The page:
Average private rents have almost doubled in 10 years

Average private rents have almost doubled in 10 years Average private rents have almost doubled in 10 years

Average private rents in Ireland have almost doubled in 10 years, according to a new study.

The research by the Economic and Social Research Institute (ESRI) found that average private rents rose from €589 to €1,084 per month between 2012 and 2021, an increase of 84%.

The study found that young and low-income renters were bearing the brunt of the increased costs.

“These rising rents have led to a substantial decline in the affordability of housing for young and low-income private renters,” the ESRI said.

To illustrate this, the study calculated that the average housing cost to income ratios — a common measure of housing affordability — rose from 0.226 to 0.304 for private renters in the lowest fifth of the income distribution.


In other words, more than half of low-income private renters are spending more than a third of their income on housing. This compares with just 15% for supported renters (those in local authority housing or those in receipt of the housing assistance payment [HAP]) and just 7% of people who own their own homes.

Younger age groups in the private rental sector had experienced a similar affordability squeeze, the study found.

The deterioration in housing affordability for renters comes despite what the ESRI described as the continuation of broad-based income growth for the population as a whole “which has left income inequality at a new record low”.

The report also showed that a third of people below the poverty line last year were in work, while many of them held a third-level degree.

Such “working poor” individuals make up approximately 220,000 of the 625,000 below the income poverty line before housing costs, and 333,000 of the 740,000 below the income poverty line after housing costs.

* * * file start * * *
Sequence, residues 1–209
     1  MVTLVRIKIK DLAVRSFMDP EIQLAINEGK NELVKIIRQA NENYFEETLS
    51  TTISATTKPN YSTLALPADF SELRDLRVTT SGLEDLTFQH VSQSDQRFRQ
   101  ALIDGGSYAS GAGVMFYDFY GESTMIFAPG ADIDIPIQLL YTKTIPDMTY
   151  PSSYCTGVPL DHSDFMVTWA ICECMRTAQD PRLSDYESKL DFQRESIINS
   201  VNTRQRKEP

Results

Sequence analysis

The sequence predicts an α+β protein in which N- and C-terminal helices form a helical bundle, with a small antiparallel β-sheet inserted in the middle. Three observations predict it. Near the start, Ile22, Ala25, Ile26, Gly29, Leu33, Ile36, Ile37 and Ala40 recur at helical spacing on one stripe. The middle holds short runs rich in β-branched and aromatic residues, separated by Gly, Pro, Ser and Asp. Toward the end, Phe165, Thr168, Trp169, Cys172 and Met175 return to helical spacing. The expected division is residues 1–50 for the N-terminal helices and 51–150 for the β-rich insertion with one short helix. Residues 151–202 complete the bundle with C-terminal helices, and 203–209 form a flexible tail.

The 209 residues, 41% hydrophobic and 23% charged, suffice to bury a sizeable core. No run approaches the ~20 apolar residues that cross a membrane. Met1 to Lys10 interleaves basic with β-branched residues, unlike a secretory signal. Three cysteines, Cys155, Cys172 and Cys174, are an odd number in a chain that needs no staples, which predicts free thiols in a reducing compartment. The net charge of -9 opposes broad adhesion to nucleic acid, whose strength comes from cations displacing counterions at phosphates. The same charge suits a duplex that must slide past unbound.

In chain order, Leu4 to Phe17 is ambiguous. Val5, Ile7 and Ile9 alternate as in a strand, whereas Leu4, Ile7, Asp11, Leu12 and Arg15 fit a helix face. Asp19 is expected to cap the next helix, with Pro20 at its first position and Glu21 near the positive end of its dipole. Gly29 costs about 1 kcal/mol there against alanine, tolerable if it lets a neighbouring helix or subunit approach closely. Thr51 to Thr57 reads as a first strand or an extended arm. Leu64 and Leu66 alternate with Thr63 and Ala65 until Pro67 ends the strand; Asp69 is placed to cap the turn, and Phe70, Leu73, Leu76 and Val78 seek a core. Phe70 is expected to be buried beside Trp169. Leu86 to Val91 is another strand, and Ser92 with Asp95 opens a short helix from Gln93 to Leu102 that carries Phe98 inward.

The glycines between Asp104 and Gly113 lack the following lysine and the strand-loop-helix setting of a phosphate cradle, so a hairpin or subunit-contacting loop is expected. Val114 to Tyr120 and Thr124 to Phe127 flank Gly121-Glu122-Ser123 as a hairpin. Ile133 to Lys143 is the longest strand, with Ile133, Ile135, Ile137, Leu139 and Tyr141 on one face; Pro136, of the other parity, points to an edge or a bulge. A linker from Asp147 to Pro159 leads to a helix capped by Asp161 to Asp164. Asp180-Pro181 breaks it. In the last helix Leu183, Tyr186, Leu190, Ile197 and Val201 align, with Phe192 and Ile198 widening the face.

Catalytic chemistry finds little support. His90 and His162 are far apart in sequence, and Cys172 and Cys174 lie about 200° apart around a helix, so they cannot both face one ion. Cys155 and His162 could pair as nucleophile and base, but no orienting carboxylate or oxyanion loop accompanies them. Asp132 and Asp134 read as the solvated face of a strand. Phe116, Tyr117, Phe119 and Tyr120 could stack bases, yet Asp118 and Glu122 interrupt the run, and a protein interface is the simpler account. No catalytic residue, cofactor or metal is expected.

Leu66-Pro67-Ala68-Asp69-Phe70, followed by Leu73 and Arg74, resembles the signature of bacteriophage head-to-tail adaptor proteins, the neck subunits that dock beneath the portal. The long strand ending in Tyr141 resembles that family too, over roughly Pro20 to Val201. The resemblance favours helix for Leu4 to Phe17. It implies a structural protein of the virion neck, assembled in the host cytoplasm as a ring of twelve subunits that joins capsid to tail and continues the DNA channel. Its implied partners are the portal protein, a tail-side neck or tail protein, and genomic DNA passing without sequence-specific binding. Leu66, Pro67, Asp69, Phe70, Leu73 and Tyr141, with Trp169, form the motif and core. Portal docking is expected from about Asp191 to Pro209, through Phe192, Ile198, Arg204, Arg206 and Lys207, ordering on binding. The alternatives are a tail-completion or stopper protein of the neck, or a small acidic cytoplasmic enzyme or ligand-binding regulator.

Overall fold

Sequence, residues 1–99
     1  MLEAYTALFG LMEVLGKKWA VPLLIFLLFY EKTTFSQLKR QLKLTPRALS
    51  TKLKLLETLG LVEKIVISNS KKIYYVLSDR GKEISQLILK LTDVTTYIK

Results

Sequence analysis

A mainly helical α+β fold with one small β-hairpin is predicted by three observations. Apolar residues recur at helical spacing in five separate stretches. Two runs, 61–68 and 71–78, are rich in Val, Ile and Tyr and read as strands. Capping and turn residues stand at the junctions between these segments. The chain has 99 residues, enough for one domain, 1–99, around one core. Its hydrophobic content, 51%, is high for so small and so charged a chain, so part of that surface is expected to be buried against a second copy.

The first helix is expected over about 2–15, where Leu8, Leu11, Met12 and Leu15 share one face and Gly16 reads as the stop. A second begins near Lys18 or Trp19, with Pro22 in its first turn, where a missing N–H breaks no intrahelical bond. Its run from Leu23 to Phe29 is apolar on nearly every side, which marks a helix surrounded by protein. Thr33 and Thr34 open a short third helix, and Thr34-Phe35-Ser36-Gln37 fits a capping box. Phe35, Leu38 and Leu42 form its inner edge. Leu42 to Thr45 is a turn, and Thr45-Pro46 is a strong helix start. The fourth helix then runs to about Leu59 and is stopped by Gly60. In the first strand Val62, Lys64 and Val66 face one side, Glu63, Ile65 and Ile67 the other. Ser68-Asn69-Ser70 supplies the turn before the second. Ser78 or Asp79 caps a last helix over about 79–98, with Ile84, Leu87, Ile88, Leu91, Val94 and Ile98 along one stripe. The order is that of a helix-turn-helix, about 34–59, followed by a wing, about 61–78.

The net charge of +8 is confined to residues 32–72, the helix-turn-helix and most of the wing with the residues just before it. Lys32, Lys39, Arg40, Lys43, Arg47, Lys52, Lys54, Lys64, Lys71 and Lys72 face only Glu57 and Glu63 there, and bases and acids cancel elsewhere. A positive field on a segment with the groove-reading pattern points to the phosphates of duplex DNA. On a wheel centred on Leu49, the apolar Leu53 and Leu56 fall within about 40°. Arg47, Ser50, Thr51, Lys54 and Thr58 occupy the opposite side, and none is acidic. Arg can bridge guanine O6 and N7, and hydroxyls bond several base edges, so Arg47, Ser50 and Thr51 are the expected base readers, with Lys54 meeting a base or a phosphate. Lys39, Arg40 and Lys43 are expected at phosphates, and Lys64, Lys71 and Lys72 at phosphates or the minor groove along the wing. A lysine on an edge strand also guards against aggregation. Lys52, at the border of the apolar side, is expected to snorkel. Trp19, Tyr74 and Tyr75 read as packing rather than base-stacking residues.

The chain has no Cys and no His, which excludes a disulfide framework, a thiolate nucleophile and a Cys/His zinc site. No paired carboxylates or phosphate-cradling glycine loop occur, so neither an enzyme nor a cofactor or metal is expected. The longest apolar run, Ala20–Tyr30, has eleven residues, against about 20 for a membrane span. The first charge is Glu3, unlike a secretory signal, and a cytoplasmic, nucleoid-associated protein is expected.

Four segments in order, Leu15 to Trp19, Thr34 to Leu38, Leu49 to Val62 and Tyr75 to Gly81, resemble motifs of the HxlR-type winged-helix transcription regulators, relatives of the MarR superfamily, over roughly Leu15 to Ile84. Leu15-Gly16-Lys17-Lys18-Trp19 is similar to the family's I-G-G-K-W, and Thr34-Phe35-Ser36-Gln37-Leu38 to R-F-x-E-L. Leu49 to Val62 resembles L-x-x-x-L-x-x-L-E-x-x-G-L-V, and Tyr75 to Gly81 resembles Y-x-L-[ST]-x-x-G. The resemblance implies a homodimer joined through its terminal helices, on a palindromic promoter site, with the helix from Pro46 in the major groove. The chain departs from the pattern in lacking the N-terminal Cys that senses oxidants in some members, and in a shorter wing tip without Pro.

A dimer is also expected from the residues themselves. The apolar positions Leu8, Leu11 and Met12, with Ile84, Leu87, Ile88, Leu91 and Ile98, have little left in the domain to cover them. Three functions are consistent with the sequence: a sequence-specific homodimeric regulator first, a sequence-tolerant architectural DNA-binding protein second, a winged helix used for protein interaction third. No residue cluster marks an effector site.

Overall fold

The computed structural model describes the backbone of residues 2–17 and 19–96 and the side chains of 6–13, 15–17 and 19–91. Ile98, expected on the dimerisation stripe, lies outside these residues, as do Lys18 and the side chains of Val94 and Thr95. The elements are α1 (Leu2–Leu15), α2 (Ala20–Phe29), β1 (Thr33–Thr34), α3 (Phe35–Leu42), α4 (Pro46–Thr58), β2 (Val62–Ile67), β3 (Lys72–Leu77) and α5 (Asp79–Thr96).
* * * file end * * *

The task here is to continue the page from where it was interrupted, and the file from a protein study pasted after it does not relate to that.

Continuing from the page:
“This is despite their much lower income poverty rates, and reflects the fact that households with someone in paid work make up the bulk of the working-age population,” the ESRI said.

While 56% of the working poor are in a household where at least one person possesses third-level educational attainment, the corresponding figure for those in working households above the poverty line is 76 per cent.

“Therefore, while it is true that, on average, those non-poor working households are more likely to include someone with third-level education, the educational attainment among the working poor is still relatively high,” the report said.

“We estimate that there are approximately 122,000 individuals who, despite being in a working household with a highly educated person, are still at risk of poverty.

“It is important to fully understand the reasons behind this. It may be that many highly educated individuals with valuable skills are precluded from fully utilising their qualifications due to, for example, childcare constraints.

“On the other hand, it may be that some individuals possess third-level qualifications that are not in demand in the labour market. This could be due to, for example, technological change rendering skills obsolete.”

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